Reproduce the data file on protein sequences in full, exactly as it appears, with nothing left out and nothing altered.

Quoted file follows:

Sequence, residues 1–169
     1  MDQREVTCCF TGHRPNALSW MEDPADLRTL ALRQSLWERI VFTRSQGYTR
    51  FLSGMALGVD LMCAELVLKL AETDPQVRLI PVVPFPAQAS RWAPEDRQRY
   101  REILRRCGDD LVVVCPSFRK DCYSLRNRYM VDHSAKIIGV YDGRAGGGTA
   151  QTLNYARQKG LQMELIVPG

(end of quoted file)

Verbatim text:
Sequence, residues 1–169
     1  MDQREVTCCF TGHRPNALSW MEDPADLRTL ALRQSLWERI VFTRSQGYTR
    51  FLSGMALGVD LMCAELVLKL AETDPQVRLI PVVPFPAQAS RWAPEDRQRY
   101  REILRRCGDD LVVVCPSFRK DCYSLRNRYM VDHSAKIIGV YDGRAGGGTA
   151  QTLNYARQKG LQMELIVPG